Actually, let me clarify: my wife and I seem to have the concept mostly down.
Our 3 kids? Not so much.
In fact, they seem to regularly confuse the idea of “fair” with the notion that somehow everyone everywhere (siblings, parents, random strangers) is out to screw them and ensure that these poor unfortunate young ‘uns don’t get what they deserve.
Setting aside the whole “what have they done to deserve anything in the first place?” part of the argument for just a moment, if you’ve ever spent the better part of half a year hearing that special whiney whine of kid voices saying “Daaaaad, Evan got more ice cream than meeeee!” And “Mooooommmm.….you read two books to Lily but you only read one to meeeeee!” then you know just how crazy making this can be.
(As a side-note, you probably also understand for the first time why your parents said things like “Quit your complaining. There’s kids starving in China!” and “If you’re going to complain about what you got, how about I take away that and you can see how nothing feels?”)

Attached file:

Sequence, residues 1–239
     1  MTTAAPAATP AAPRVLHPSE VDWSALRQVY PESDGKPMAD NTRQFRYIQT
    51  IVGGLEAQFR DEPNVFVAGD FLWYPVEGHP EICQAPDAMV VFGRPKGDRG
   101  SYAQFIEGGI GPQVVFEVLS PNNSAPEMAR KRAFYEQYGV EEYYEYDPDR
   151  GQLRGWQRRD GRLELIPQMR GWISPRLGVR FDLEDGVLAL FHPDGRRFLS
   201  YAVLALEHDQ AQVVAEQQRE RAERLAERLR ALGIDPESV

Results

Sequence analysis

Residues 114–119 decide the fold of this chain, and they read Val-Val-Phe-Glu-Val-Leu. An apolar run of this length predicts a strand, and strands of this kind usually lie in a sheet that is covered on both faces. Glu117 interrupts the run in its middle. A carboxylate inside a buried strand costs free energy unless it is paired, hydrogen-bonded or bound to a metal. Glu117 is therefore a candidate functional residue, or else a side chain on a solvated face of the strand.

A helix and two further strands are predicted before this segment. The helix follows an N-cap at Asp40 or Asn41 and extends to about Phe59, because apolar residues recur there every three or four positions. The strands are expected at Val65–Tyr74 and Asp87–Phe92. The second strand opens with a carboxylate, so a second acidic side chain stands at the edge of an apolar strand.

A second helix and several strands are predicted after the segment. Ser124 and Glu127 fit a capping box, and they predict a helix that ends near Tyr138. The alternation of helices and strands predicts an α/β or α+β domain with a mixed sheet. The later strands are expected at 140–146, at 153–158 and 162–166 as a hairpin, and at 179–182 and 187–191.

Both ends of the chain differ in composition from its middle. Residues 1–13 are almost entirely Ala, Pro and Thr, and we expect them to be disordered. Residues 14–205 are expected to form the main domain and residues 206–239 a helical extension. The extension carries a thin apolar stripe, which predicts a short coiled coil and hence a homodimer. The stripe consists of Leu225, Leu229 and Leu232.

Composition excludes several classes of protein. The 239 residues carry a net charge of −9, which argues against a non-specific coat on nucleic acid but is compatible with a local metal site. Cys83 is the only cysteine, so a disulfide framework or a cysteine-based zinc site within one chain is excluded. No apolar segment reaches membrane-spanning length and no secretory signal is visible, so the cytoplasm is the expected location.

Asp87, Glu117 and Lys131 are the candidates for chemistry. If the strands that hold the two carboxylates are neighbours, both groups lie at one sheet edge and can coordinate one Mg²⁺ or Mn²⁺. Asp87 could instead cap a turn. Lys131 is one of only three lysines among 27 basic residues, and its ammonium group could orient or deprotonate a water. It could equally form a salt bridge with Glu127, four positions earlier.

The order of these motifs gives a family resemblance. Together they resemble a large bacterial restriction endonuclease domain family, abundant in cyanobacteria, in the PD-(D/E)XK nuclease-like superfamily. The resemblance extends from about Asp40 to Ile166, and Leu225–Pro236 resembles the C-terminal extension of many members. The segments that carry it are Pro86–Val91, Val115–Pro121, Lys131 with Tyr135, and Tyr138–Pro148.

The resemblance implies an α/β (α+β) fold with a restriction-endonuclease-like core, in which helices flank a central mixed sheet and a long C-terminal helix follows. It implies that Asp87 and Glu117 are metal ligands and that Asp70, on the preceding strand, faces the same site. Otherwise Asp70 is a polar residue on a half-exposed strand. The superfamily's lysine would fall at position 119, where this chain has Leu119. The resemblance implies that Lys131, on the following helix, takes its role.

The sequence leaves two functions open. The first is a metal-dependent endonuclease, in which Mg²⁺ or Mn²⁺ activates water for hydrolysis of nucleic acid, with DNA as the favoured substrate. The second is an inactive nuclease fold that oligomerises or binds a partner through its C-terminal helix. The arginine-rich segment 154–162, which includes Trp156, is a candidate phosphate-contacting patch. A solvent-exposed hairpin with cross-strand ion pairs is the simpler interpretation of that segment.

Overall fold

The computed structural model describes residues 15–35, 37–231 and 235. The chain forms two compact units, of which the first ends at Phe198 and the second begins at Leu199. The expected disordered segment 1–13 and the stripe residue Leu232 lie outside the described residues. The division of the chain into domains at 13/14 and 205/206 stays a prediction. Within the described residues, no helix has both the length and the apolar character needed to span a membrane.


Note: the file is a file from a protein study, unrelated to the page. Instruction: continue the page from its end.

Having 3 kids of her own and struggling with this same issue from time to time, my friend Mrs. Walker passed along a wise saying she picked up from a friend of hers. It goes like this:
“Fair does not mean equal. Fair means everyone’s needs are being met.”
Generally I’m not much for sloganeering, but this little gem seemed somewhat bullet-proof so last night at dinner when my 7 year old daughter Lily said, “Daaaaad.…..Evan got more cherries than me and Jo’s glass of milk is bigger than mine! It’s just not FAIR!” I took a deep breath and said, “Lily, fair does not mean equal. Fair means everyone’s needs are being met.”
After digesting this information for 3 or 4 seconds, Lily looked at me and said, “Well, that’s not what fair means in MY world, Dad! In my world fair means I get at least as much as everyone else and probably a little bit more.”
So much for that slogan.
Guess it’s time to revert back to “Quit yer complaining! There’s kids starving in China!”